Assistant Professor - Department of Mathematics
Brooklyn College of City University of New York

ABSTRACT: In this talk, I shall give an overview of my previous and current research and publications in stochastic models and their applications in financial engineering. First, I shall introduce the stochastic volatility model based on time-homogeneous diffusions and discuss the deterministic criteria for the martingale property of the underlying, and the pricing of volatility derivatives (variance swap, timer option). Then I shall talk about my current research on flexible premium variable annuities(FPVA), which are popular investment products for retirement planning. A fast and accurate analytical approximation is developed for pricing FPVAs by drawing on its connection to Asian options. The study can help providers of FPVA estimate the magnitude of underpricing when offering these products. 

BIOGRAPHY: Zhenyu Cui is currently an assistant professor at department of mathematics, Brooklyn College of City University of New York since August 2013. He graduated with a Ph.D. In Statistics under the supervision of Carole Bernard and Don McLeish from the University of Waterloo in July 2013. During his graduate study, he was awarded the Bank of Montreal Capital Markets Advanced Research Scholarship. He has published his research in Mathematical Finance, Journal of Economic Theory, Finance and Stochastics, Journal of Computational Finance, etc. His research proposals “Impact of flexible periodic premiums on variable annuity guarantees”(Co-PIs: C. Bernard, S. Vanduffel) and “Modeling and risk management of variable annuities with VIX-linked fee structure”(Co PIs: R. Feng, A. MacKay) have been funded through the 2014-2015 and the 2015-2016 Society of Actuaries Individual Grant Competition.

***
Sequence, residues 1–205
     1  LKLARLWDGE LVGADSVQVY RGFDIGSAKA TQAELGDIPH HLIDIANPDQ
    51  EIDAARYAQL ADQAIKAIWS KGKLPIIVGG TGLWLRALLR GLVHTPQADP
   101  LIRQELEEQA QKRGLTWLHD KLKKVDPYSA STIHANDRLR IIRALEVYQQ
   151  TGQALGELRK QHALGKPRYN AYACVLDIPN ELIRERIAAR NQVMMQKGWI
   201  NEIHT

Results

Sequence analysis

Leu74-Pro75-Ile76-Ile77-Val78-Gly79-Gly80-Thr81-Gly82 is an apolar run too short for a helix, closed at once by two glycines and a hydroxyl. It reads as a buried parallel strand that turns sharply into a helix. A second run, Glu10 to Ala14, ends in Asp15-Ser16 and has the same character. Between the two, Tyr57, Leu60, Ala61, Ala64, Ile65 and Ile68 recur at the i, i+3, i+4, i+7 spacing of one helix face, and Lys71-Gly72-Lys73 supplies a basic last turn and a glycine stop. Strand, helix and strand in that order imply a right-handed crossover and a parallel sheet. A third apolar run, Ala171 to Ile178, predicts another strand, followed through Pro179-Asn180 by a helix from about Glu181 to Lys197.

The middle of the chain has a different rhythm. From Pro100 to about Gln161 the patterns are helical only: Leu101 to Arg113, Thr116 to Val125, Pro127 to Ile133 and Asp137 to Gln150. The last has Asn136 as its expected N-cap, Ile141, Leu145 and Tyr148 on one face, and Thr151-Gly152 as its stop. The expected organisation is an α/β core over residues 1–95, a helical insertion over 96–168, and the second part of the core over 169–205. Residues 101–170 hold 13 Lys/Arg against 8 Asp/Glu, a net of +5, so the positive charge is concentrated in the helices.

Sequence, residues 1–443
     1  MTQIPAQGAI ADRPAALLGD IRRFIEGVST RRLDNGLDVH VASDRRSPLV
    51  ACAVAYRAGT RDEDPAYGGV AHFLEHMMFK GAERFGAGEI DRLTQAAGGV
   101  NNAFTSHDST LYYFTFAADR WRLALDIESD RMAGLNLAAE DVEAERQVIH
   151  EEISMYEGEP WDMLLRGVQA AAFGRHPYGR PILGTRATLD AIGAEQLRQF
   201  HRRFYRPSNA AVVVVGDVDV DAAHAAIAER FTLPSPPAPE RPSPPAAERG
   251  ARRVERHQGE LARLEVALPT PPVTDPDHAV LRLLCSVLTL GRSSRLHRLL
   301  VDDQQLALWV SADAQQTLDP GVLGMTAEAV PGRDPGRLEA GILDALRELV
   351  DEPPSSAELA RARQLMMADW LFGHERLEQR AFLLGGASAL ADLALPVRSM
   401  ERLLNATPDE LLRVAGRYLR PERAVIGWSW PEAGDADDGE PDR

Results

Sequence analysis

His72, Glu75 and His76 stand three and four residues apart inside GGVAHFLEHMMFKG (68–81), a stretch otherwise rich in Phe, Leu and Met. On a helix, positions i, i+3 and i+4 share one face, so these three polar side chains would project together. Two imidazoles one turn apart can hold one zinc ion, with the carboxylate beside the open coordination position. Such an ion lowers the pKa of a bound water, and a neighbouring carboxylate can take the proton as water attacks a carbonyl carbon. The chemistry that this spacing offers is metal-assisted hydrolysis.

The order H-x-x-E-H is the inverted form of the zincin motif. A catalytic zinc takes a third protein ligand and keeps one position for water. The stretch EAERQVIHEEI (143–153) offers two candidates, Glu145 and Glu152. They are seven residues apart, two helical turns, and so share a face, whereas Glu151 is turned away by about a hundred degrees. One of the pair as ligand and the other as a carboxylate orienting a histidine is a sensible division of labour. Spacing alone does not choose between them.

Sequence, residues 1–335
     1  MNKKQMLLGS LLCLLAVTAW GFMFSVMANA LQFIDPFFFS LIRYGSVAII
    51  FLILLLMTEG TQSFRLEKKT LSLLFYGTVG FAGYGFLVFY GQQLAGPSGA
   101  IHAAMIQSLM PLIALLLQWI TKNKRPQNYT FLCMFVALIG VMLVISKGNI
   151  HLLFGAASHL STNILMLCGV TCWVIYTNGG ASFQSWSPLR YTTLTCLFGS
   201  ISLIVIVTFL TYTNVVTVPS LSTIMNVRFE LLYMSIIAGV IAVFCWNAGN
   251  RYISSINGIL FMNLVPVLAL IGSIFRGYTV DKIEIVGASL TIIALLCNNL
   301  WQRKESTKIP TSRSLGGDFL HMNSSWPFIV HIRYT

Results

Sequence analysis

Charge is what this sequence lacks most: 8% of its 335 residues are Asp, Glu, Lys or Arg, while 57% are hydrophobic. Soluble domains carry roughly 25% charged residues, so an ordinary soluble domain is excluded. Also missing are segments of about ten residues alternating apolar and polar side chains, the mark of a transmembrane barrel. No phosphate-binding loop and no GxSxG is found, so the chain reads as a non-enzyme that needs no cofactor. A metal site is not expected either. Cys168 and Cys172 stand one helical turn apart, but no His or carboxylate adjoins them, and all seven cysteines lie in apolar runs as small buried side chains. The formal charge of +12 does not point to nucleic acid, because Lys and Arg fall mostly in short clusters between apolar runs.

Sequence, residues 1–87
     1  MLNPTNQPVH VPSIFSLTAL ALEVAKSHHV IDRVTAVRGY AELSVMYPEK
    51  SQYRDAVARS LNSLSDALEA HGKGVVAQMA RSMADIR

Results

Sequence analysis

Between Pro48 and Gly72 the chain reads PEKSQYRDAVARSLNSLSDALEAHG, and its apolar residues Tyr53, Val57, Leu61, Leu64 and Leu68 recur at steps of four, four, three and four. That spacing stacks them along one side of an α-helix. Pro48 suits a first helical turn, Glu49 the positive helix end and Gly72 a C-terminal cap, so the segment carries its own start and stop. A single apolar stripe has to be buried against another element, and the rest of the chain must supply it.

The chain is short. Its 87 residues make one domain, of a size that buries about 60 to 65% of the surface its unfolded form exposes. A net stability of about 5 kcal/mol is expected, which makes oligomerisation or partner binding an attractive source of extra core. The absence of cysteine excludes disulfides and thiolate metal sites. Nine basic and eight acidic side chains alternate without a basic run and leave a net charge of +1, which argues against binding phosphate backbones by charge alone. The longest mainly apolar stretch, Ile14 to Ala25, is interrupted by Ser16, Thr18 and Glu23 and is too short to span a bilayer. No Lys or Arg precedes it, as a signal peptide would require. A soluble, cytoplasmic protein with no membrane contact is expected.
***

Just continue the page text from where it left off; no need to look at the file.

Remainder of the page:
5:00 pm to 6:00 pm

FE SEMINAR: Agostino Capponi "Price Contagion through Balance Sheet Linkages"

Babbio 122

Finanancial Engineering Seminar Series

Price Contagion through Balance Sheet Linkages
BY: Agostino Capponi, Assistant Professor, Columbia University              

ABSTRACT:  We study price linkages between assets held by financial institutions that are required to maintain fixed capital requirements over time. We consider a market consisting of a banking and nonbanking sector. Firms in the banking sector actively manage their leverage ratios to conform with pre-specified target levels. Our analysis suggests that regulatory policies aimed at stabilizing the system by imposing capital constraints on banks may have unintended consequences: banks’ deleveraging activities may amplify asse return shocks and lead to large fluctuations in realized returns. The same mechanism can cause spill-over effects, where assets held by leverage targeting banks can experience hikes or drops caused by shocks to otherwise unrelated assets held by the sam banks.  Such fire-sale externalities are produced if leverage targeting banks become too large relative to the nonbanking sector, as measured by elasticity-weighted assets. 

We show that these effects can be mitigated by encouraging banks to implement asset allocation strategies with higher exposure to liquid, rather than illiquid, assets.


Agostino Capponi received his Master and Ph.D. Degree in Computer Science and Applied and Computational Mathematics from the California Institute of Technology, respectively in 2006 and 2009. He is currently an assistant professor in the IEOR Department at Columbia University, where he is also a member of the Data Science Institute.  His main research interests are in the area of financial engineering with main focus on counterparty risk, systemic risk, and dynamic credit portfolio optimization. The outcome of his research contributes to a better understanding of risk management practices, along with their systemic implications, and to assess the impact of regulations aiming at stabilizing financial markets  His research has been published in top-tier academic journals of financial engineering, control, and signal processing, including Mathematical Finance, Finance and Stochastics, SIAM Journal of Financial Mathematics, and IEEE Transactions on Automatic Control.  His work has also been published in leading practitioner journals, such as Risk and Creditflux, and in invited book chapters.